“The cyclops woman squints at them, those who deem themselves unlovely, and knows that no one would look at them twice in a crowd.” – “The Cyclops” by Teresa Milbrodt…
We live in an age of integration. We mainstream, accommodate, and in other ways try to make up for the cruelty of much of human history toward humans whose physical, mental, and emotional characteristics fall outside the range of that which we in our blissful ignorance have long called “normal.”
Teresa Milbrodt’s new book, Bearded Women, is the writer’s attempt to make “otherness” part of “normal” human experience. This group of stories takes human characteristics which we would normally associate with “freak shows” and weds them to narratives about “normal” human problems. It’s a brilliant conceit – and Milbrodt executes it so well that the reader finds him/herself following each story not with the voyeur’s eye to the main character’s “otherness” but with the sympathy/empathy that we would show to anyone we encountered who was struggling with problems that we’ve either faced and solved ourselves or helped friends or family members face and solve.
A few examples from the book will serve to make my point here clear:
* In “Bianca’s Body” the main character is a woman with two lower torsos – surely freak show stuff. But the problem she faces is one many women in their thirties have struggled with – the call of motherhood vs. the call of career. Complicating all this is her position as a public figure (a successful news anchor) as well as the strain on her marriage.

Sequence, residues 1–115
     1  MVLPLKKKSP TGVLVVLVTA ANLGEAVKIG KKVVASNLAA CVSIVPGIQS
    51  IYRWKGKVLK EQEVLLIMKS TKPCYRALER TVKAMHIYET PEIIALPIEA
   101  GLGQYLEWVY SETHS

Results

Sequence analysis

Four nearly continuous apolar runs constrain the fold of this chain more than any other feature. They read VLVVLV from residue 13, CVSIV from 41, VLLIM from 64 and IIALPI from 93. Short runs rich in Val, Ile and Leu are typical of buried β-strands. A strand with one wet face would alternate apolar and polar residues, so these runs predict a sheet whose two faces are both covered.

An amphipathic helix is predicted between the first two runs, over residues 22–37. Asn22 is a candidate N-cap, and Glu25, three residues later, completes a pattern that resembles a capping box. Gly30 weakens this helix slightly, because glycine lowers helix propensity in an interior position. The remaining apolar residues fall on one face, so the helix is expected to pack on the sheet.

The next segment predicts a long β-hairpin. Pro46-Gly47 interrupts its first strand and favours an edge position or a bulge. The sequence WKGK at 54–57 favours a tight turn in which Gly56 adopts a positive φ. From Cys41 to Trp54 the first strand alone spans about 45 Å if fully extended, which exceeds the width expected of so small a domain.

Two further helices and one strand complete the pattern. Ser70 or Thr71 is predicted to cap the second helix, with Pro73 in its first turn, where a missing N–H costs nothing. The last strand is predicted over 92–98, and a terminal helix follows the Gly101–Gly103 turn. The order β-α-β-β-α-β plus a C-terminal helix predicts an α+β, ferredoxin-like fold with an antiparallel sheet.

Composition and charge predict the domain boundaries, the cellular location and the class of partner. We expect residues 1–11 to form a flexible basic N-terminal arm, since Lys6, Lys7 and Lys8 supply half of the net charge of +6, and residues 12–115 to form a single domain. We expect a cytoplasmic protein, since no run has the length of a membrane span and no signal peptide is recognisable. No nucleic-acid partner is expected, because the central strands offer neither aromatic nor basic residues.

* In “Mr. Chicken” the main character, manager of a successful hibachi restaurant, must find a way to handle a creepy customer who is damaging her business – even as she struggles with “coming out” as her true self – a bearded woman.
* In “Cyclops” the main character, whose “otherness” is explained by the story’s title, struggles to find ways to help her family’s failing business. She considers that most self-damaging of options, selling herself – even as she tries to trust in a relic from a saint to bring her a miracle….
There are other fascinating and yet ordinary characters – a woman with snakes for hair like Medusa who works as a bartender with the attendant problems those in that profession face; another with two sets of ears who must cope with a stalker – all face problems that we all face and all either find or don’t find solutions. But there is another theme that pervades this wonderful book of tales and I am undecided as to whether to call it meta-textual or sub-textual.
The story that best illustrates this, “The Shell,” is unusual for a couple of reasons. First, the main character, a wood carver/sculptor who discovers that he has a talent for carving “designer coffins” in shapes ranging from an ice cream cone to a tool box, is male. Second, in this story more than any other, that theme I mentioned above comes closest to being an overt element of the text.
The talented coffin maker, Martin Wyss, meets the story’s other main character, a woman named Odessa, whose body is being reduced to twisted freakishness by the ravages of rheumatoid arthritis and who requests of him a casket shaped like Aphrodite’s scallop shell in Botticelli’s Birth of Venus. The struggle that ensues between artist and audience for control of the work he creates illustrates that theme I’ve mentioned that pervades all these wonderful stories – how does one exist as an artist in a world where one’s bared soul (i.e., artistic talent) must be sold as a commodity? And further, is it worth the personal cost, both emotional and psychological, to display one’s talent – no matter how rich/famous/notorious it might make one?
Or is it better, as in the other stories from this collection that I’ve cited above, to keep one’s “talent” hidden – behind a news anchor’s desk, behind a shaded visor, behind a razor’s sharp edge.
Bearded Women explores these questions in disarmingly clean and enjoyable prose that draws one in – then shakes one’s tree quite vigorously.
I recommend it highly – and I look forward to whatever this gifted writer brings us next.
(This review originally appeared at Scholars and Rogues)